Creating Safe Environments for Children in Class and Outdoor

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Providing a healthy and safe indoor and outdoor learning environment is essential for a child’s growth and development. This kind of environment encourages safe exploration, allows for optimal learning, and leaves the child feeling safe and secure. Throughout this paper, I will discuss safety-related issues for a childcare location and space as well as provide examples of activities you can do to promote health, safety, and nutrition. I will be focusing on children between the ages of three to five years old. There are many things to consider when choosing a site for a childcare facility.

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In our textbook, Susan Aronson (2012), encourages you to find a space that is not in a heavily polluted, in a high trafficked area, surrounded by loud noises, or in an old building that may contain lead toxins on the interior and exterior walls. Also, make sure to find a space with proper and updated plumbing and electrical. There are standards to consider for the number of square feet needed for each child. According Aronson (2012), the Caring for Our Children standard 5. 1. 2. 1, “recommends a minimum of 42 square feet of usable floor space per child, preferably 50 square feet per child”. Within each room it is vital to have proper exits to get out of the building quickly and safely. Once a safe space for children has been created, facility maintenance and upkeep is imperative. Creating a facility checklist will help you stay current and can help track repairs. The checklist can include checking for leaks in the roof, making sure the outside is free of debris or in need of pressure washing. Check to see if doors and windows are secure and weatherproof, check for paint that may need a touch-up, and to see if the facility is being cleaned properly on a regular basis. These are just a few of the upkeep items that need to be done to maintain a safe, healthy and secure space.

Creating indoor learning activities are a great way to promote and reinforce the importance of health, nutrition, and safety. One activity I do in my classroom is brushing your teeth after lunch. It is important to create the appropriate storage space to keep from spreading germs and model proper brushing. To encourage these healthy habits we spend a month focusing on health and the body. During this month I invite a dentist in to talk about the importance of keeping your teeth clean and how to brush properly. A second activity I have on my shelves is a job for slicing cucumbers and carrots for snack. Once they have prepared the snack they walk around and offer it to their peers. With this activity it gives me the chance to talk about proper hand washing, how to safely use a child safe knife, and indirectly teaches the children about healthy nutritional choices. These two examples are just some of the ways you can encourage health and safety.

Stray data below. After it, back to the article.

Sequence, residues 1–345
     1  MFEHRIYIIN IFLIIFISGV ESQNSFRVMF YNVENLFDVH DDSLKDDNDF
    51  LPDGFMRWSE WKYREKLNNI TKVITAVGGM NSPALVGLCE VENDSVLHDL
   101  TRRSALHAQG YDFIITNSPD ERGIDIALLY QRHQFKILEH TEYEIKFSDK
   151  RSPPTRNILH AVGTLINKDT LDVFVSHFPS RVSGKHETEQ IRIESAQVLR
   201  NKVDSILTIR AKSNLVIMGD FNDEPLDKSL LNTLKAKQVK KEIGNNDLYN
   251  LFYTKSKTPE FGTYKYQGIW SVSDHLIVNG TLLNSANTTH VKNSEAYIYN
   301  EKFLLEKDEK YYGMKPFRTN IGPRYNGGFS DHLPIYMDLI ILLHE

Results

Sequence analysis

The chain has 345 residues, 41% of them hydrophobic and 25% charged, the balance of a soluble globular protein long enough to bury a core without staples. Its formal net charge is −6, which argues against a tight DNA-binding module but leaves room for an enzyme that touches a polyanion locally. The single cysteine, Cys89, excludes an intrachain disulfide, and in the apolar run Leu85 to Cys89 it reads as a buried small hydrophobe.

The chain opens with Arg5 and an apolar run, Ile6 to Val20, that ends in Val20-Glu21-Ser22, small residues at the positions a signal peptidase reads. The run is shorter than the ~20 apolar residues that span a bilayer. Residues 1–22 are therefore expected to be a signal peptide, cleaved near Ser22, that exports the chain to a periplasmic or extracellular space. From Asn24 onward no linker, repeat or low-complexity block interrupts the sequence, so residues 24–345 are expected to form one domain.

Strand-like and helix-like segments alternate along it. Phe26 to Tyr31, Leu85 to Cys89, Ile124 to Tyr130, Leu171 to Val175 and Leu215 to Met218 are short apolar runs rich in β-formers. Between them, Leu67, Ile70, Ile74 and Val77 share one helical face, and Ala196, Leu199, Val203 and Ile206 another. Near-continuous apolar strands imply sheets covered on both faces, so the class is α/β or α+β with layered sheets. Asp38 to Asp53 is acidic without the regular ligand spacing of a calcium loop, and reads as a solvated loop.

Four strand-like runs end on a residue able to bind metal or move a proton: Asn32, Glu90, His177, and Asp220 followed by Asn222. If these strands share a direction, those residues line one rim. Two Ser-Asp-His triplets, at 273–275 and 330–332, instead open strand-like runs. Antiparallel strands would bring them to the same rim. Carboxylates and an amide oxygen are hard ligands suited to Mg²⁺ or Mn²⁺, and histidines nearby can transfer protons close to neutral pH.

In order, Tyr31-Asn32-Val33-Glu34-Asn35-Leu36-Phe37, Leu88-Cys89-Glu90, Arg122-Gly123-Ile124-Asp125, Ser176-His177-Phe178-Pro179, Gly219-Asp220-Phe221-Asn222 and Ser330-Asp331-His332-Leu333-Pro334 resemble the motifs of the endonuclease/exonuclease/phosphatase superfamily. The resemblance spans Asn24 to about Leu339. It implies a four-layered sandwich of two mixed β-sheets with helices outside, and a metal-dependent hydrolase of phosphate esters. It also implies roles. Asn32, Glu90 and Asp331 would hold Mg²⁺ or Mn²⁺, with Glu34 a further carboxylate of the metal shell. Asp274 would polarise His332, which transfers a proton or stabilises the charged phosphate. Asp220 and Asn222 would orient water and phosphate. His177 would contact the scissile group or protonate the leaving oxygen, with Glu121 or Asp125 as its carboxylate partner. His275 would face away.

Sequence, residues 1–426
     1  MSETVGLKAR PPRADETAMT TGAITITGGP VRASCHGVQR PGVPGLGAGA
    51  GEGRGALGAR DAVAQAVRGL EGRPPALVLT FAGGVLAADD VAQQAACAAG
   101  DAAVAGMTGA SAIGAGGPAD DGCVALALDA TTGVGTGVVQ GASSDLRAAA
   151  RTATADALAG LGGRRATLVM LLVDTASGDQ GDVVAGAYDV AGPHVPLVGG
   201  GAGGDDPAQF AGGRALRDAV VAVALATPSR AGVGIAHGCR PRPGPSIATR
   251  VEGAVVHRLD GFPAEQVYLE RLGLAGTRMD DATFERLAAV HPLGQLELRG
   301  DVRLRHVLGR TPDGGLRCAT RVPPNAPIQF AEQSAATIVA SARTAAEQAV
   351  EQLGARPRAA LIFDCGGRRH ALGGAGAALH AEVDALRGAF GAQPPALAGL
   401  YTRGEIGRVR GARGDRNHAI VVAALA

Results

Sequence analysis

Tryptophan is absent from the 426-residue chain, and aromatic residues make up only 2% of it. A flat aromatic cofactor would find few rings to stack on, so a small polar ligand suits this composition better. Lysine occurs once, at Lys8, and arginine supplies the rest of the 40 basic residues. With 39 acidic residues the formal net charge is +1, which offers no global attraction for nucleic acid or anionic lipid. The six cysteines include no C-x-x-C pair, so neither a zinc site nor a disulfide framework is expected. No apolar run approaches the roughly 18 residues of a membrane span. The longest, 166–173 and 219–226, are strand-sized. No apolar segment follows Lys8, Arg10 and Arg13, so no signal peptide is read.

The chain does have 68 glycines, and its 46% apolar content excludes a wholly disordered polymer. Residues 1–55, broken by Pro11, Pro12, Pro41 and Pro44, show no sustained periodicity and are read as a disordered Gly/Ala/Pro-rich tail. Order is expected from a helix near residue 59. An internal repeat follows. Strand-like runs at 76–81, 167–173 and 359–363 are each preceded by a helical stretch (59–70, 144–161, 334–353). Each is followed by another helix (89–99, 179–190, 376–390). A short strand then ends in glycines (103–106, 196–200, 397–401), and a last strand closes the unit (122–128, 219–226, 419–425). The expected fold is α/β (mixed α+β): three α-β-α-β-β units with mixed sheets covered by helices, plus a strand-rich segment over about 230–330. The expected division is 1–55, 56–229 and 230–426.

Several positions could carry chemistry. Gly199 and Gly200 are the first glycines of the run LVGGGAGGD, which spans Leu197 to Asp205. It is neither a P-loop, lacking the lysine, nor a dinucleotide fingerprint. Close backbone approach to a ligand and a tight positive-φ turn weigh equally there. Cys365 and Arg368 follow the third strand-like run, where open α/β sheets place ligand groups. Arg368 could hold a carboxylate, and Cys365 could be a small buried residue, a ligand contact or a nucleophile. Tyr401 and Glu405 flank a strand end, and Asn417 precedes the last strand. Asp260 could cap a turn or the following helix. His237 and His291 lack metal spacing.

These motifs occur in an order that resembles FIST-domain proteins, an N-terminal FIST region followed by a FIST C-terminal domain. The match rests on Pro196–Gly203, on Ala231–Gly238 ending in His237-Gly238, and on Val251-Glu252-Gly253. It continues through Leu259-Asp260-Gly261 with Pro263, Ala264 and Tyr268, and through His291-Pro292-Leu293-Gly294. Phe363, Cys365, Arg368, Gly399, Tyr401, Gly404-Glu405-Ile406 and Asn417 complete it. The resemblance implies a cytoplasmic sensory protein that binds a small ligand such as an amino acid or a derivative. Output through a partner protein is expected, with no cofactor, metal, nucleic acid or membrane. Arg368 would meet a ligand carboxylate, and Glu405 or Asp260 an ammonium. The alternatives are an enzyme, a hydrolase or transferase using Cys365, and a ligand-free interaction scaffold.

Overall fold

There are also many outdoor learning activities you can do with children. When I taught in Portland Oregon our school was located right next to a State Park. Every Friday we would take a “hike” or walk through the woods. We would discuss the importance of moving our bodies, how to stay safe when walking through the woods, and discuss plants that may be harmful like poison oak. Another activity is to go on a safety walk around the playground. Ask the children to point out potential hazards that they see. Discuss what might happen if children are not using the playground equipment properly. Talk through how to be keep your body safe and avoid injury. By engaging them they will start to recognize potential hazards on their own. Including children with disabilities in your program is invaluable for all children and staff and everyone benefits. A child with Downs Syndrome although they have a disability is very capable and can participate in most activities as long as the activity is developmentally appropriate. This includes the activity I described as one of my indoor activities. The idea of slicing cucumbers and carrots to serve to peers is something you can adapt depending on the child’s mobility and fine motor skills.

Child appropriate knives with thick easy to grip handles can be made available. I also like to pair up an older child to help where needed. If the child with disabilities is able to slice the cucumbers but is not able to carry the tray around to serve their peers the partner can carry the tray for them. Giving the child with Downs Syndrome an opportunity to participate in everyday activities can have a lasting impact on their life and the child helping out is learning compassion and empathy.

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